Content wise – do you know, I don’t think I’ve been to an inter-disciplinary conference before? I know, I’ve led a very sheltered life. But, as an inter-disciplinary newbie, I have to say it’s an excellent way to go about things. I think I’d go to more conferences if they were all interdisciplinary. Obviously it helps if the subject is about encounters with Egypt*, who isn’t interested in Egypt, Egyptology and Egyptomania? I’m not sure it would work so well for British prehistory say, but I’d be willing to give it a try. Anyway, onwards and upwards. Chris Naunton of the EES gave the key note speech about the historical and current tension between popular and scientific Egyptology arguing that from its very inception what draws in the public is not always seen as important by the practitioners. It was, as you’d expect, a very well-argued, interesting and convincing lecture with references to Petrie, Pendlebury, Emery as well as the work of the EES in the 70s, 80s and 90s. I hadn’t realised to what extent Pendlebury had been keen to engage the public in their Egyptology work, I knew he was a showman but not that he’d filmed the Amarna excavations, both on and off site, attempting to show the public that archaeologists had fun on excavations as well as working hard. Nor had I realised the extent to which Pendlebury has been sidelined in EES internal history. Chris talked, regretfully, about the EES decision to give up excavating tombs in the 90s in order to retain their British Academy grant and how this deepened the division between popular and scientific interests. At the same time, he argued, popular interests have narrowed to Tutankhamun, Cleopatra, pyramids and tombs. It’s his belief that the popular and the scientific need to be brought back together and one way this has been done recently is by Nick Reeves. Reeves’ suggestion that Nefertiti is buried in a secret room off Tutankhamun’s combined academic writing with social networking and media to ensure his work reached the widest possible audience, an audience who were supplied with all the references needed to weigh up Reeves’ argument. Just as Amelia Edwards and the early EES scholars used all possible channels to get their work into the public space, so current Egyptologists, Naunton suggests, should be making use of television, the internet, all the resources available to engage the public, popularise their findings, break down the barrier between those within and those outside the profession.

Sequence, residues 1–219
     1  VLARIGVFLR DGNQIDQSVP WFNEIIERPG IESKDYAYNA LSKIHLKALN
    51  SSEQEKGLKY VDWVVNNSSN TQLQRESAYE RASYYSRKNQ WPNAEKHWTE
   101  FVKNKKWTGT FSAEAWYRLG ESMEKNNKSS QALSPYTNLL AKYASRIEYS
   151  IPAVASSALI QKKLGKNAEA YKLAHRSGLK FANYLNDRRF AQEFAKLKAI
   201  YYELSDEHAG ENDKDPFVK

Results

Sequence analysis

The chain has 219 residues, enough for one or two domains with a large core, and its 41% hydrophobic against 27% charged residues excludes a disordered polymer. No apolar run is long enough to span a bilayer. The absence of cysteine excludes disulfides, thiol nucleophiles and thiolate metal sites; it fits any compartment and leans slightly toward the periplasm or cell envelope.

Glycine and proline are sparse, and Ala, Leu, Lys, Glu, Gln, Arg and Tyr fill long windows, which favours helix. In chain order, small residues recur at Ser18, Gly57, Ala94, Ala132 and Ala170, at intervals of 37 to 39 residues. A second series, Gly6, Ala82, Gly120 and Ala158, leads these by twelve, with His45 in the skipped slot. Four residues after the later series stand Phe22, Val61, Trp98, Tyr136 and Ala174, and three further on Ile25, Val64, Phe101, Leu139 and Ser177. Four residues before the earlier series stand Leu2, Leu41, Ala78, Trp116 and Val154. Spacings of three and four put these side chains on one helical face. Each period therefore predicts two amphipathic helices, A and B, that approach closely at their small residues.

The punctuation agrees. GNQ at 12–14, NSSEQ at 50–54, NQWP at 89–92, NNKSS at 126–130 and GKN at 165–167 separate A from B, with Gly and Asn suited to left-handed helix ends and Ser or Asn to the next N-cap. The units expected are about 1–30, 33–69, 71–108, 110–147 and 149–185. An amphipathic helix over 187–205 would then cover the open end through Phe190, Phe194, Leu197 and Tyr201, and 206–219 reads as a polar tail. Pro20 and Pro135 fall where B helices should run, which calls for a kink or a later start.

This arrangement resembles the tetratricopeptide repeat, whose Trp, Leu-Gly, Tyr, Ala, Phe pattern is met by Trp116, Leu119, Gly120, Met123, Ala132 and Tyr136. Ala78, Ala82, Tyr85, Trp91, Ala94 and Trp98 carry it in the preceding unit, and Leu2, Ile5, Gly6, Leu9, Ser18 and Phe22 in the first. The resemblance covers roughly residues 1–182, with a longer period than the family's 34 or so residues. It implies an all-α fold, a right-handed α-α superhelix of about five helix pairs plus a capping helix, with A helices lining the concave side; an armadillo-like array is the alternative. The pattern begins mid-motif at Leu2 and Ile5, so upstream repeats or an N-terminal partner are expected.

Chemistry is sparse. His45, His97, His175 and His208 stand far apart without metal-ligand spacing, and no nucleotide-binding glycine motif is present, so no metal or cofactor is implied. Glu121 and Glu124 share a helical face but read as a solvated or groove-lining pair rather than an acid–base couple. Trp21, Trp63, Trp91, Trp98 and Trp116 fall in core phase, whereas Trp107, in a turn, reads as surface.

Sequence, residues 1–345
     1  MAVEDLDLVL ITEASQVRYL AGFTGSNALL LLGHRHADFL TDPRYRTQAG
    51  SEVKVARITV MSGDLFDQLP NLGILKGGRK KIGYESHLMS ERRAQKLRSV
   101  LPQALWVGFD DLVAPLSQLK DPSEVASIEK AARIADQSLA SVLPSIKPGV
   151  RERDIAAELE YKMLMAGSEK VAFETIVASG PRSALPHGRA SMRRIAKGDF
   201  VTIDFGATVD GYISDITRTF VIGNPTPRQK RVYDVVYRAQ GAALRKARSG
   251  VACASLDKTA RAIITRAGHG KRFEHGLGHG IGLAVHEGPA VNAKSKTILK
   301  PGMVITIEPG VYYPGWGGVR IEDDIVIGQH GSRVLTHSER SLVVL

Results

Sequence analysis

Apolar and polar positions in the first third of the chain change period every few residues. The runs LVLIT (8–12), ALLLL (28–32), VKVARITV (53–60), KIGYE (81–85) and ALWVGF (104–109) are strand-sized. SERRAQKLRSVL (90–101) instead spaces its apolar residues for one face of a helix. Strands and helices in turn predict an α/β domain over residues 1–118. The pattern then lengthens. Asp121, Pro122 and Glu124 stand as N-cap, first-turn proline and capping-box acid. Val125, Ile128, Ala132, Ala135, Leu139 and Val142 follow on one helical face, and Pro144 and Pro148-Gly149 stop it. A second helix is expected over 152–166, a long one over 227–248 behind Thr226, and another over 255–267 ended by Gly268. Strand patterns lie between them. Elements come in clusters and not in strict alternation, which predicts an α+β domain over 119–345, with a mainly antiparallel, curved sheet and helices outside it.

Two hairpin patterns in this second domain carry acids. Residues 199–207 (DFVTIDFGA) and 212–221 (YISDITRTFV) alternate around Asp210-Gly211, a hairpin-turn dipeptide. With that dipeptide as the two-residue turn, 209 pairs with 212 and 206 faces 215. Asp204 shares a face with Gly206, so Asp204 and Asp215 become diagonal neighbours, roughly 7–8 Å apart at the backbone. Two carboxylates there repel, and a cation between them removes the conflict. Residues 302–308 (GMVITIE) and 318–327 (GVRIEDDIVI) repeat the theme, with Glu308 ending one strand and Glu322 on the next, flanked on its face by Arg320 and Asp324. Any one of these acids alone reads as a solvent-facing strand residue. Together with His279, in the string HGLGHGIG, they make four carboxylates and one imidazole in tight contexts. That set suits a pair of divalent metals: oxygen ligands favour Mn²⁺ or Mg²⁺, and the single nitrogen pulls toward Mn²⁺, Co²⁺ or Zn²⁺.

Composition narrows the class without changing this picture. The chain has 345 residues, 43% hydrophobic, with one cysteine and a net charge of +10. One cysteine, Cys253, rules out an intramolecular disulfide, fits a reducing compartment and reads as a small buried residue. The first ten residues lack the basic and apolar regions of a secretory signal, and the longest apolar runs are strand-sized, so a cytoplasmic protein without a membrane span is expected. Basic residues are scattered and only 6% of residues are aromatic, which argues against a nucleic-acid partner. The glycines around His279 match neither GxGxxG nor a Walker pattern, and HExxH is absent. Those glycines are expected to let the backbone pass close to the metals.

On that uplifting note I’m going to pause for today. I’ll be posting more about the conference during this week, but I’m massively busy and have deadlines shrieking at me so it’ll be intermittent rather than coherent blogging – well, that’s this week’s excuse for my lack of cohesion anyway!